the perforated threaded plugs 18 can be inverted within their associated disks.
FIG. 2 is a sectional view taken along line 2--2 of FIG. 1 and shows tie rods 36, nuts 35, and raised section 12 of housing flange 32. Also shown is wall of housing 33, annular channel 39, hollow cylinder wall 15, lower disk 17, and perforated members 18.
FIG. 3 is generally similar to FIG. 1 and shows a housing 50 and hollow cylinder 15 of the adsorbent element. The lower disk 43 in cylinder 15 is a singular perforated disk having no separable members; the end wall of the concentric recesses 60 being perforated. Lower end member 44 has a preferably friction fit with the internal wall of the cylinder lower end section, thereby retaining disk 43 which can have a loose fit within said cylinder. The threaded blind holes 45 can be used to receive threaded bolts to facilitate removal of said end member 44. The "O" ring seal 46 retained in groove 47 prevents leakage of fluid between the mating walls of cylinder 15 and lower end member 44. A hollow adapter 48 is screwed into the threaded concentric hole through the bottom wall 49 of housing 50, said housing being drained by means of passage 51 which communicates with annular channel 58. The "O" ring 52 retained in groove 53 encircles the adsorbent element inlet passage 54 in lower end member 44 of said element; said "O" ring 52 also encircles tubular projection 55 of adapter 48 when the adsorbent element is positioned for assembly, thereby preventing fluid leakage between the adjacent walls of said projection 55 and inlet passage 54. The passage 56 in adapter 48 communicates with perforations in disk 43 by means of chamber 57 which also communicates with inlet passage 54. The housing 50 is held in position by means of tie rods 36 and their associated nuts 35, washers 37, screw couplings 40, and studs 41; the lower threaded tie rod end sections passing through their associated holes (not shown) in housing flange 59, and inserted in their respective screw couplings. The studs 41 joined to screw couplings 40 can be used to fix the housing to a supporting base. The top wall member 28, and upper disk 26 are similar to the top wall member 28 and upper disk shown in FIG. 1.
It will be evident to one skilled in the art that the skirt of top wall member 28 can be lengthened and recessed internally, and that upper disk 26 modified to be held within said recess by frictional means thereby obviating the need for the upper internal shoulder within hollow cylinder 15.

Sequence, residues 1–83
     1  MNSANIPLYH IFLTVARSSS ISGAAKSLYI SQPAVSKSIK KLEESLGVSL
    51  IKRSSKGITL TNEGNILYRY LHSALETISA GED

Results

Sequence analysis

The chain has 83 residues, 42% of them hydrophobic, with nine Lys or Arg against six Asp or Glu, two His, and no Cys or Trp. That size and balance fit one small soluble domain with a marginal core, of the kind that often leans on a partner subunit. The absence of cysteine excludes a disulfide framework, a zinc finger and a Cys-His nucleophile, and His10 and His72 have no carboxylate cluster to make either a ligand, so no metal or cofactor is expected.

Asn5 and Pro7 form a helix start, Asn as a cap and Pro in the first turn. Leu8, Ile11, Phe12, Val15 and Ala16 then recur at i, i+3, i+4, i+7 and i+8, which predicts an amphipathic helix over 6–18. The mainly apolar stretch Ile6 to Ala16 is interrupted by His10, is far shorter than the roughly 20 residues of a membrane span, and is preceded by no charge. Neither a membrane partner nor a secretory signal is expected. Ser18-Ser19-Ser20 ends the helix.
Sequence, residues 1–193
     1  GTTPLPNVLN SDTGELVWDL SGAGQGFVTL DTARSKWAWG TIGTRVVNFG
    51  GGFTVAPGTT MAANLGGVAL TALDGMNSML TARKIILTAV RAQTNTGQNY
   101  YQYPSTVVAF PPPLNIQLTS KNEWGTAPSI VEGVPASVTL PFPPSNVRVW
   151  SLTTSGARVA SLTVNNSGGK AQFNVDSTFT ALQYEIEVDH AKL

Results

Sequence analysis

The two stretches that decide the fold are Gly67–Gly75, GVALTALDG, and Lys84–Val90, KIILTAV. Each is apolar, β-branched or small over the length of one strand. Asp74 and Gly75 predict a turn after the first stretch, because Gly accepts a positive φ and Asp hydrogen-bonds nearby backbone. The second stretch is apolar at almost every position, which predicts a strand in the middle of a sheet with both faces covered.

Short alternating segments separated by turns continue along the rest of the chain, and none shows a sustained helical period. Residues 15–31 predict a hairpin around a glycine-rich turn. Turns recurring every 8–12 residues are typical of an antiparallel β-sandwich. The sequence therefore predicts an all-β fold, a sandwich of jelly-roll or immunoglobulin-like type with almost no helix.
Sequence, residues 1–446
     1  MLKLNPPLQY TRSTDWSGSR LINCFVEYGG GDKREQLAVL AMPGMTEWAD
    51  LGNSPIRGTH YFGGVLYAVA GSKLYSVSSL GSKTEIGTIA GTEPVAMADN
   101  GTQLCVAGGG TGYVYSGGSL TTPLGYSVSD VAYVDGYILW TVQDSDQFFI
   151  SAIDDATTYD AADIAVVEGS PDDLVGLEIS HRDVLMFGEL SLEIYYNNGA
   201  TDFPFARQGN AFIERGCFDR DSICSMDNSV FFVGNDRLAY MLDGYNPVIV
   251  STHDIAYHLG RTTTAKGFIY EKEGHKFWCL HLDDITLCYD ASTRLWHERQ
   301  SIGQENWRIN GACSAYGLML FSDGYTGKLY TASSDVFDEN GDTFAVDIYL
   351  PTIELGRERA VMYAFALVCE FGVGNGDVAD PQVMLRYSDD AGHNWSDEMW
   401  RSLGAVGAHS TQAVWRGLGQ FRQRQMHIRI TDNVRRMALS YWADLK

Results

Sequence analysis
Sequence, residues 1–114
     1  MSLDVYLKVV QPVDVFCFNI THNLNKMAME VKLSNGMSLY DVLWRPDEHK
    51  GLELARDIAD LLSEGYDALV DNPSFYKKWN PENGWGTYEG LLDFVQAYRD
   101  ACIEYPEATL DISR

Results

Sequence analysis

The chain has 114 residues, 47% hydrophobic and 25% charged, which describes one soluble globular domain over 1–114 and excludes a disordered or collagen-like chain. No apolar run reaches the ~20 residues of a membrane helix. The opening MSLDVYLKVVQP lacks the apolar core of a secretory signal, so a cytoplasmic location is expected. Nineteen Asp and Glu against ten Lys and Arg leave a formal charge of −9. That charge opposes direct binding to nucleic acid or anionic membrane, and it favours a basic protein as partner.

The term "drained, dry housing" used in this specification is to be interpreted as a housing into which fluid does not enter during normal operation of the adsorption unit through which pressurized fluid flows. It will be evident that after draining some fluid may remain within the housing.
The use of a considerably smaller adsorption apparatus is contemplated, in which the dry housing is preferably straight threaded (internally or externally) at each end, so as to secure top and bottom adsorbent element end members by threaded means; such as a straight threaded bushing, cap, or other mechanical means. In addition, the optional use of at least one filter member within the adsorbent element is also contemplated.
While those embodiments of this invention hereinbefore illustrated and described are fully capable of performing the objects and accomplishing the advantages primarily stated it will be understood that this invention is not restricted to the specific embodiments hereinbefore set forth, but includes all modifications coming within the scope of the claims that follow.
FIG. 1 is a side elevation sectional view of the adsorption apparatus of my invention; the adsorbent element disposed in the normally drained, dry housing.
FIG. 2 is a transverse sectional view taken along line 2--2 of FIG. 1.
FIG. 3 is generally similar to FIG. 1 but shows a housing and a self-contained adsorbent element, each having an individual bottom end wall.
This invention relates to an adsorption apparatus for liquids in which an adsorbent element is disposed in a nomally drained dry housing. Since the apparatus finds particular utility in the field of water treatment, embodiments adapted for such use are hereinafter described as illustrative of the invention and the advantages thereof, it being understood that my invention is not restricted to such use.
An object of my invention is to provide an adsorbent element which is adapted for use in a normally drained, dry housing. Another object of my invention is to provide simple means for removing and installing an adsorbent element; the element being optionally rechargeable or discardable.
Still another object of my invention is to provide the advantage of pressurized fluid flow between axially opposed inlet and outlet passages of an adsorbent element, and to eliminate some of the disadvantages normally experienced when such an element is used.
Embodiments of my invention capable of accomplishing the foregoing objects and providing the advantages contemplated by them and other advantages are described in the following specification which may be readily understood by reference to the accompanying drawings.